"His campaign manager, who so deftly handled the Ted Cruz campaign against me, wanted to work for me, but was turned down - a 'money grubber' like no other, and won’t quit until he’s got every last penny," he added. "Now 'Rob' must change the theme of his campaign from NEVER BACK DOWN to WINNING ISN’T EVERYTHING!"
Donald Trump late Saturday leveled an attack against the "Club for Growth," a conservative advocacy group that recently criticized the former president in an ad, for supporting Florida Gov. Ron DeSantis (R).
Trump posted on Truth Social, his own social media platform that he created after being banned from most other platforms in the wake of his role in the Jan. 6, 2021, insurrection attempt, that the group is attempting to counter DeSantis' own policy decisions.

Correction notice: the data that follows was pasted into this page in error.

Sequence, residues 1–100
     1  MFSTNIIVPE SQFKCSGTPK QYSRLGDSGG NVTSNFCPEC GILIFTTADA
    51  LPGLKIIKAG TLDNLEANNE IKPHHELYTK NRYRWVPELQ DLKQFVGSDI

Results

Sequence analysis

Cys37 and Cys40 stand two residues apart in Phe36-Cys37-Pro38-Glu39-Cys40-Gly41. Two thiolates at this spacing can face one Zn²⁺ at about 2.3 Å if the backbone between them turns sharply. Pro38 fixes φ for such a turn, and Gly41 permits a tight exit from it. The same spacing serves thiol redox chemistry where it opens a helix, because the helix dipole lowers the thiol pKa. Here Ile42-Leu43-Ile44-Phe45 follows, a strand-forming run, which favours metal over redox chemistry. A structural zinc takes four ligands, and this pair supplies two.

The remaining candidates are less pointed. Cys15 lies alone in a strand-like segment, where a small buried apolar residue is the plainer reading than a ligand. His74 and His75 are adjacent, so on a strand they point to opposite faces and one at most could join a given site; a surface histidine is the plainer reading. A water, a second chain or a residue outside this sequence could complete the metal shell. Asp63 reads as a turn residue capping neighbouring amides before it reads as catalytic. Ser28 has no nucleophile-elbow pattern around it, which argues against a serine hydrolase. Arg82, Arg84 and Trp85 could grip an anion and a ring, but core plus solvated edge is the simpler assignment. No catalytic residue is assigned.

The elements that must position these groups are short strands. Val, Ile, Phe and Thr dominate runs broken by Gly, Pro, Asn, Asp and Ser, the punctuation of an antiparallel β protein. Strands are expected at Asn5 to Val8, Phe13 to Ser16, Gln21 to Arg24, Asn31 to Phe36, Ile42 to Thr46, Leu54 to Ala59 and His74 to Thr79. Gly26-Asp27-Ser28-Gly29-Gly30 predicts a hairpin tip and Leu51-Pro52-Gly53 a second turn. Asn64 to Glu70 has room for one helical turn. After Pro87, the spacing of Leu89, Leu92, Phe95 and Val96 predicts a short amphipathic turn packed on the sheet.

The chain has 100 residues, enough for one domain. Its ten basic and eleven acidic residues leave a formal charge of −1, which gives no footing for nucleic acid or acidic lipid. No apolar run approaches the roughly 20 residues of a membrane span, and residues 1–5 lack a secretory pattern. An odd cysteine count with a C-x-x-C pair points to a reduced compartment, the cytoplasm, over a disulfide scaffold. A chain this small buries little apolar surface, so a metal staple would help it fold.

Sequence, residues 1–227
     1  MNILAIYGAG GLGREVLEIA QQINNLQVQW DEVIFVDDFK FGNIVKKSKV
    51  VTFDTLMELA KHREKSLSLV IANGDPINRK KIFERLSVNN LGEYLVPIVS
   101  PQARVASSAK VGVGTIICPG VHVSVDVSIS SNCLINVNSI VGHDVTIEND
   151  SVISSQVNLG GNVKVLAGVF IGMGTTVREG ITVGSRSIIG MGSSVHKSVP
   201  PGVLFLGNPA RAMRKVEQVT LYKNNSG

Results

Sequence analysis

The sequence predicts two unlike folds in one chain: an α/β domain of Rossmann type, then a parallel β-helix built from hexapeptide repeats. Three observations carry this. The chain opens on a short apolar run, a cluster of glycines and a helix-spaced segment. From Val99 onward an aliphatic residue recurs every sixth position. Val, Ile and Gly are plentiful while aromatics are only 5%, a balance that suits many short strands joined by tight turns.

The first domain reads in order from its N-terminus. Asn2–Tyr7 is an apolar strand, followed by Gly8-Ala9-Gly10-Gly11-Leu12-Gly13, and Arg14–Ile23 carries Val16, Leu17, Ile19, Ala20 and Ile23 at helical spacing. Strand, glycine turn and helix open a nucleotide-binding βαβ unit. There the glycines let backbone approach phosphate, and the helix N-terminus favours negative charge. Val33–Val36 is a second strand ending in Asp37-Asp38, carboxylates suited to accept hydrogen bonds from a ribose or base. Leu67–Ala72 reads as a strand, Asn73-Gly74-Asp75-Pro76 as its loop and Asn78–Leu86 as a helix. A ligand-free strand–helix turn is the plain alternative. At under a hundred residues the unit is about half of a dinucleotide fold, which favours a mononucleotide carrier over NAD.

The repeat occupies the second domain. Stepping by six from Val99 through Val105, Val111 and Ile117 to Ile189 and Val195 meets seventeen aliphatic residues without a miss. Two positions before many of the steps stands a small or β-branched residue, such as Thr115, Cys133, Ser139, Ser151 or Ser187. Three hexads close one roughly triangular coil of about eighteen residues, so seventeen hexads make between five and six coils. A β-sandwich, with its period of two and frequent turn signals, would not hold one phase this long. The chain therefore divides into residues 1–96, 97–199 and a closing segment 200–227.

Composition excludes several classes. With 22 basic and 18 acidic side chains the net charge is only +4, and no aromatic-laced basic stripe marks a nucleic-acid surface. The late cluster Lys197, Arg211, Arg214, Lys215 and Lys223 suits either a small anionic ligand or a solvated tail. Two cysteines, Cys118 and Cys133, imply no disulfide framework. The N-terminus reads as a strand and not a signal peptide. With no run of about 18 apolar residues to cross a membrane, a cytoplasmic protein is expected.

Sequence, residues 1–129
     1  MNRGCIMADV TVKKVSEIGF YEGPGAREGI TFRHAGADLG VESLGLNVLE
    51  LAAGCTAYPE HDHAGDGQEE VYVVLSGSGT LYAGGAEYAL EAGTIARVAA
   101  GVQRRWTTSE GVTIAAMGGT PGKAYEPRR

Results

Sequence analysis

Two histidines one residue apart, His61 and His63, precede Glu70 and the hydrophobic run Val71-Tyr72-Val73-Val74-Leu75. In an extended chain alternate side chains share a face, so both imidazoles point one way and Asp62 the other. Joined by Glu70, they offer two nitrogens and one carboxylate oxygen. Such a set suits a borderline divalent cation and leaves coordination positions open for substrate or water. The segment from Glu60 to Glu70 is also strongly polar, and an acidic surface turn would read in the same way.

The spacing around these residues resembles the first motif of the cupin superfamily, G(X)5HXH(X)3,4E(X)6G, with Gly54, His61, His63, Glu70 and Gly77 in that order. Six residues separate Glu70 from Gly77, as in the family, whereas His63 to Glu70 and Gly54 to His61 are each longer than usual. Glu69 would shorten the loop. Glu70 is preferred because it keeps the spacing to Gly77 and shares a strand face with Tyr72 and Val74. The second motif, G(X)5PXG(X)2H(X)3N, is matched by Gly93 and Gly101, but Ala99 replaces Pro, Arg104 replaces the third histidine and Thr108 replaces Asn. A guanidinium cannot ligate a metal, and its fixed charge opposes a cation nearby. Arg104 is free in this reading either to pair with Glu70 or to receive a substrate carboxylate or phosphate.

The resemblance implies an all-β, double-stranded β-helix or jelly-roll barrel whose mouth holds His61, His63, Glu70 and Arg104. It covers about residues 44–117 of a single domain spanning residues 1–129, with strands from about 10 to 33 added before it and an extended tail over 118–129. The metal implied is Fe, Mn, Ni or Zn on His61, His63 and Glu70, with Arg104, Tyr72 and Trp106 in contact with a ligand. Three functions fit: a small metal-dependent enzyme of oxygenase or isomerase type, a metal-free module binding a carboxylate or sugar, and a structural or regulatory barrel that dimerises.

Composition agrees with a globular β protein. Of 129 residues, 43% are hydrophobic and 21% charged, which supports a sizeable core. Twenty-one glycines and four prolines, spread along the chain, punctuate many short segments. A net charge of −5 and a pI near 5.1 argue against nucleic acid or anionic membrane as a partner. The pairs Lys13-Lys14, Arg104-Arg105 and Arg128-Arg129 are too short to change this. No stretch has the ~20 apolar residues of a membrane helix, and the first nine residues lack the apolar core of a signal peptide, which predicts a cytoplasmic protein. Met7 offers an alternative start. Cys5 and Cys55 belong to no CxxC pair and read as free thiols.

"The very stupid, China loving 'Club for No Growth,' which has been backing Ron De Sanctimonious as his poll numbers have been absolutely CRASHING, has just spent some of the RINO money they have accumulated on an ad campaign hoping to counter the fact that Desanctus, just off the worst Presidential 'Launch' in history, opted three times to cut & destroy Social Security, even lifting the minimum age to 70," Trump wrote. "He also voted to cut Medicare & institute a 23% National Sales Tax. Ron is a loser!"
U.S. Rep. Marjorie Taylor Greene's birthday is Saturday, but on Twitter she chose to celebrate a "brave new whistleblower" who she said might link President Joe Biden to a pay-to-play scandal.